Film: "The Age of Adaline"; Cast: Blake Lively, Michiel Huisman, Harrison Ford, Ellen Burstyn, Kathy Baker, Amanda Crew and Lynda Boyd; Director: Lee Toland Krieger; Rating: ***1/2
"If I had your looks and energy, I'd fall in love tomorrow and if you don't do it for yourself, at least, do it for me" -- this is how 80-year-old Flemming (Ellen Burstyn) coaxes her 107-year old, mother Adaline Bowman (Blake Lively) to accept the proposal of Ellis Jones (Michiel Huisman), a young man fit to be her grandson. This forms the inciting moment of this engaging romance.
With an interesting premise, the film focuses on "the last chapter in the life of Adaline", a seemingly immortal woman who shies away from admirers and relationships due to her unfortunate condition of never aging.
Narrated through voiceover, flashbacks and archived footage, we zoom through chapters of her life. With the help of some scientific explanation in a documentary style, we are briefed of her "immune to the ravages of time" condition.
Now, wary of being treated like a freak, she keeps her condition a secret by avoiding intimacy and changing her identity and residence every decade.
We meet her as a strikingly beautiful 107-year-old lady with a cat for companion, working in the city library under the pseudonym Susan Logan, who is only in constant touch with her now elderly daughter and a blind friend.
It is when she meets the charming wealthy philanthropist Ellis Jones at a New Year's Eve celebrations that the story gets stimulating. He pursues her and she vacillates.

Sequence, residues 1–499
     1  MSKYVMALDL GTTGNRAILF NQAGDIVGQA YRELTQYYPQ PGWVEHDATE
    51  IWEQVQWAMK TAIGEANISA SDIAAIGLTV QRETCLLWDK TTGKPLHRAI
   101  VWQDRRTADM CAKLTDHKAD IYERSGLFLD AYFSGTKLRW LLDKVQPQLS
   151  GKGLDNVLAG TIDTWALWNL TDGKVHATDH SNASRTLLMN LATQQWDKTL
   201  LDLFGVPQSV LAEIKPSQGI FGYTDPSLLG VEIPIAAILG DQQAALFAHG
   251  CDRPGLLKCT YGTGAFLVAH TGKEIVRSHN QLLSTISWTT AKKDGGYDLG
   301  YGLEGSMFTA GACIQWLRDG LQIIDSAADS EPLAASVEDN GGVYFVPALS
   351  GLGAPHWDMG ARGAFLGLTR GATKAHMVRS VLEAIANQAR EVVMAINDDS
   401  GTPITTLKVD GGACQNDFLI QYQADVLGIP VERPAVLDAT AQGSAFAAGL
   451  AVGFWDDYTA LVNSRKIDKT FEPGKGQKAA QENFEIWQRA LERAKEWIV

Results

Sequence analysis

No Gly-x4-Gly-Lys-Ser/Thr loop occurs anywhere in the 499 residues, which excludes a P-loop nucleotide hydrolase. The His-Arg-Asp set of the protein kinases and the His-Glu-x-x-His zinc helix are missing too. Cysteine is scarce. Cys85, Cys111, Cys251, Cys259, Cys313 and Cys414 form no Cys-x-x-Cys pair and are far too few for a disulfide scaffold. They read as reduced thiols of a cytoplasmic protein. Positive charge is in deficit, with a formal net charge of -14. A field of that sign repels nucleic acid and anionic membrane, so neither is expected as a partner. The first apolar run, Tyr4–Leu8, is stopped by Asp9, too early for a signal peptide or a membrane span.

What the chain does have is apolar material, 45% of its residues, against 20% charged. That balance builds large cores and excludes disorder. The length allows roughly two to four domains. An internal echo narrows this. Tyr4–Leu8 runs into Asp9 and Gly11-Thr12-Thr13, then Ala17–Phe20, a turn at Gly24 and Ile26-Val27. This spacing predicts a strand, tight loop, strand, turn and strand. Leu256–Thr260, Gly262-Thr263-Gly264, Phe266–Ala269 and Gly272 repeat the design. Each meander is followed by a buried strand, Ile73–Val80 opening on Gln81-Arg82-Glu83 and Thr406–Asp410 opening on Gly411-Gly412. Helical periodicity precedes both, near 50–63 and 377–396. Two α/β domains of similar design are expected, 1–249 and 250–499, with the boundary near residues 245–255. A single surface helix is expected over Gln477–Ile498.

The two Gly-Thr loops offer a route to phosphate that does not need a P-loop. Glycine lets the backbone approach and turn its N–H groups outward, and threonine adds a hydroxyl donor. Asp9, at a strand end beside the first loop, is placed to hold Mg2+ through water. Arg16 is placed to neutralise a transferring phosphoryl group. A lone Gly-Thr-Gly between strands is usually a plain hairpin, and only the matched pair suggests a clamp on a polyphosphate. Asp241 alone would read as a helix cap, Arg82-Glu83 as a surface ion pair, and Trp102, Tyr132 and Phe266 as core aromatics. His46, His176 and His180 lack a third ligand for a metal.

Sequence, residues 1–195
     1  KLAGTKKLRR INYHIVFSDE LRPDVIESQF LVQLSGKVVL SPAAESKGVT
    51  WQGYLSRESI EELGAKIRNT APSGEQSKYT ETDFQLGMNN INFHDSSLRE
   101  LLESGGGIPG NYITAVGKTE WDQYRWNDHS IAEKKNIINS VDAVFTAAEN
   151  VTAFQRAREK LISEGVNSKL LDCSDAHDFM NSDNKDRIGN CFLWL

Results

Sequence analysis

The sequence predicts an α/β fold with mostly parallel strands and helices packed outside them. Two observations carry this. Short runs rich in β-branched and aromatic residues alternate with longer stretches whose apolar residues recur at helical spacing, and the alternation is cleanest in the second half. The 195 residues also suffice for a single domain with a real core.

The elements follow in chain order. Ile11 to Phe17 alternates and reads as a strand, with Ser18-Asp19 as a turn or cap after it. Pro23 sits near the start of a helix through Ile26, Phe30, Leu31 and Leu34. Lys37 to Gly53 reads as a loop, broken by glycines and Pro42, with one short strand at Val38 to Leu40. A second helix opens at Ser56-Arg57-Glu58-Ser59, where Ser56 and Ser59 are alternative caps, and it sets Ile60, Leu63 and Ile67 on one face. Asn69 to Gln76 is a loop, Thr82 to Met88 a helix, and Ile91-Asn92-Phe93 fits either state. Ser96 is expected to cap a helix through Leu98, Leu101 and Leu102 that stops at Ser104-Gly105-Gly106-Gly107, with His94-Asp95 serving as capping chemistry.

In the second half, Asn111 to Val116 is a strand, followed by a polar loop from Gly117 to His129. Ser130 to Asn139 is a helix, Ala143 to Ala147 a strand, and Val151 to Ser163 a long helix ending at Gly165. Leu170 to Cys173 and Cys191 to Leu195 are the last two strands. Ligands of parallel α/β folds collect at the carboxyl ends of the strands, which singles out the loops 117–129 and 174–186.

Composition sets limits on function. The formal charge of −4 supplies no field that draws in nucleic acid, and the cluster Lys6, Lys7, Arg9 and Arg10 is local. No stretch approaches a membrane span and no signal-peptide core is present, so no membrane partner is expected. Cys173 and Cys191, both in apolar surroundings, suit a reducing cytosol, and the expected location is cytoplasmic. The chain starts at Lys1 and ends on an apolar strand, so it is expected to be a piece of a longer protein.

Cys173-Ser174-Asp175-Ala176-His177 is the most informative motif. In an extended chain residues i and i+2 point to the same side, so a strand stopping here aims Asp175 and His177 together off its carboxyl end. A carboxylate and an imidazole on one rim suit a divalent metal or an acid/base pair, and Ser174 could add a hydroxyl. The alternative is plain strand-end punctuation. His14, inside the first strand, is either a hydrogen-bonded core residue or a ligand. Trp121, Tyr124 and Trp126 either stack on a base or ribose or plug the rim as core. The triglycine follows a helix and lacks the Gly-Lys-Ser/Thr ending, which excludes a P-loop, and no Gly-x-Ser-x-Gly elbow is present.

The twists in the plotline, impressive performances by the cast along with Adaline's anxiety and the outcome of her decision, are what keep you hooked to the screen.
Blake Lively as Adaline is remarkable. She looks sophisticated and genuine with her clipped diction and gait. With a melancholic demeanour, she portrays the character aptly. She does not overplay the tragic elements, which is melodrama. In fact, she is measured and tame and that's what makes her natural.
Michiel Huisman as Ellis is charismatic. When he initially puts his hand to stop the elevator and later when he clings on the window of the cab, those moments seemed forced, with Adaline reiterating, "There you go again, putting your hand in places it does not belong." But by the end, it is fascinating to see him passionately, unwittingly and impulsively woo an older woman.
Ellen Burstyn as Adaline's daughter is splendid too. Her on screen moments with Blake are so appealing that you can subtly experience the mother-daughter bonding.
But the surprise element in the film is Harrison Ford's poignant and touching performance as Elli's father, whose loving relationship with his wife is thrown into turmoil when Adaline arrives at their house.
The film is impressively crafted by director Lee Toland Krieger. The script is entertaining and the screenplay, written by J. Mills Goodloe and Salvador Paskowitz, beautifully weaves Adaline's life span from 1907 till 2015 and her complicated relationships.
The dialogues too are shrewdly crafted. They add to the mysterious elements of the narration.
Visually, cinematographer David Lanzenberg's work is wonderful. With simple production design and costumes, he has used different colour palettes for different eras, a touch which, has prevented the film from being monotonous and lifeless.
"The Age of Adaline" is a promising weekend watch.